Mapping The Emerging Strategic Stability And Arms Control Landscape

Policy Brief
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Foreign policy
Written by

Andrew Futter

Professor, University of Leicester


Our nuclear world is changing, and this will have significant impacts on strategic stability and arms control. This is being driven by a mixture of technological, geopolitical and normative forces.

Technological change and innovation are facilitating new types of strategic weaponry and missions. These have the potential to challenge established notions of deterrence and create nuclear risks.

The combination of an emerging system of nuclear great-power multipolarity at the same time as a growth in “nuclear nationalism” and a return of bellicose nuclear rhetoric and statecraft are challenging traditional power balances, arms control and nuclear stability based on restraint.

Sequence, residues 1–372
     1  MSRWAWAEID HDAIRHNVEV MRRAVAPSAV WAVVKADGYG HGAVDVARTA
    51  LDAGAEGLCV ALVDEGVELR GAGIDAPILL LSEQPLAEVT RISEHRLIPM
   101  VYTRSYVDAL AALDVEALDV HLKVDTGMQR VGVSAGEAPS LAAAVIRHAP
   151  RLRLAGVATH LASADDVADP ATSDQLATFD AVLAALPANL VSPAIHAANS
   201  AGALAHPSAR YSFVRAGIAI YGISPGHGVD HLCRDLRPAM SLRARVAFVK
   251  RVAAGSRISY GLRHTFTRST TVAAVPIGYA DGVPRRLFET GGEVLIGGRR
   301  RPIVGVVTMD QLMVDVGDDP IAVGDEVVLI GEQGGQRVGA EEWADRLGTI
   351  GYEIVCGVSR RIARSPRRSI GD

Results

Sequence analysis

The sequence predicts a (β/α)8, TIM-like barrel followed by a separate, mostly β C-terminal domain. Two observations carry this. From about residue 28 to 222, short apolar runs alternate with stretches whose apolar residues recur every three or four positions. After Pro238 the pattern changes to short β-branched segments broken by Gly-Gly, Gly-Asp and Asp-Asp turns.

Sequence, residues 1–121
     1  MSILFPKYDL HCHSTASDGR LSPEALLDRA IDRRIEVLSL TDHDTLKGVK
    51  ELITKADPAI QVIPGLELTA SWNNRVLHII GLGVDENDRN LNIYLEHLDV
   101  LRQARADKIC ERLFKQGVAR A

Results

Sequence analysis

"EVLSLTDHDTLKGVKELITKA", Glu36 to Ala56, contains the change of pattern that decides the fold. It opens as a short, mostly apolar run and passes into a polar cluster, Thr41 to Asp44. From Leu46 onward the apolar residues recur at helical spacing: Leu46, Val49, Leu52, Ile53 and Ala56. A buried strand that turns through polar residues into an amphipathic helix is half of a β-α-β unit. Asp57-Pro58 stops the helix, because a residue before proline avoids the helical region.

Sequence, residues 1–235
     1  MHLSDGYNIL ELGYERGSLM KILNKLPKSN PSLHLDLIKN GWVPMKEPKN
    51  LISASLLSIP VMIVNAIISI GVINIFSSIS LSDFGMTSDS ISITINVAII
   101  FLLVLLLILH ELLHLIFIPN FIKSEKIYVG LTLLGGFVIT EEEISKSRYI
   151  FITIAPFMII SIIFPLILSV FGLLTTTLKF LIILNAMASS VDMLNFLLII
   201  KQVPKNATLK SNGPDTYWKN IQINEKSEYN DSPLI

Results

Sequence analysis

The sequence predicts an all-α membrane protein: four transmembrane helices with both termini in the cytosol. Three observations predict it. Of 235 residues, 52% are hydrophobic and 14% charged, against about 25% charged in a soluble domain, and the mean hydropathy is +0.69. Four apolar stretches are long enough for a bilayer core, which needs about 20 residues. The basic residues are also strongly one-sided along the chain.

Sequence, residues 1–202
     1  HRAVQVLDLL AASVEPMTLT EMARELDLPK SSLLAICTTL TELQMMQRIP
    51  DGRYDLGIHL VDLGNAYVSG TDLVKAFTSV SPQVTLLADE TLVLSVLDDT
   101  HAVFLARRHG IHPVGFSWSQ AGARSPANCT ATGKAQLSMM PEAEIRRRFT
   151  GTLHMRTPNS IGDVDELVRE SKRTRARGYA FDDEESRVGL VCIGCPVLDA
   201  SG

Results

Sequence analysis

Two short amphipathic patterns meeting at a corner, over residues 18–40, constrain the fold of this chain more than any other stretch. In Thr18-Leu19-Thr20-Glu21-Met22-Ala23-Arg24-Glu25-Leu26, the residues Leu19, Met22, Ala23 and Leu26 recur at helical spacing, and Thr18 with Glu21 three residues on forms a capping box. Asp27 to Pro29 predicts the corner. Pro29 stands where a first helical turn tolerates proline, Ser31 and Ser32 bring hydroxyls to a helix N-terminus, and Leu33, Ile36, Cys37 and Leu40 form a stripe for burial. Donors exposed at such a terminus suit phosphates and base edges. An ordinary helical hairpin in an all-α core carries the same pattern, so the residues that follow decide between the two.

This is all taking place within a bifurcating global nuclear environment characterised on one side by normative challenges to the established nuclear order and increasing demands for nuclear energy, and on the other with a resurgence in the political salience of nuclear weapons.

Taken together, this suggests that we are arguably on the cusp of a new “nuclear age” where we will need to rethink the rules of the nuclear game and how we prevent nuclear use.

  • Published year: 2022
  • Full version:
  • Publisher: Norwegian Institute of International Affairs / TODA peace institute
  • Page count: 8
  • Language: English
  • Journal: TODA Policy Brief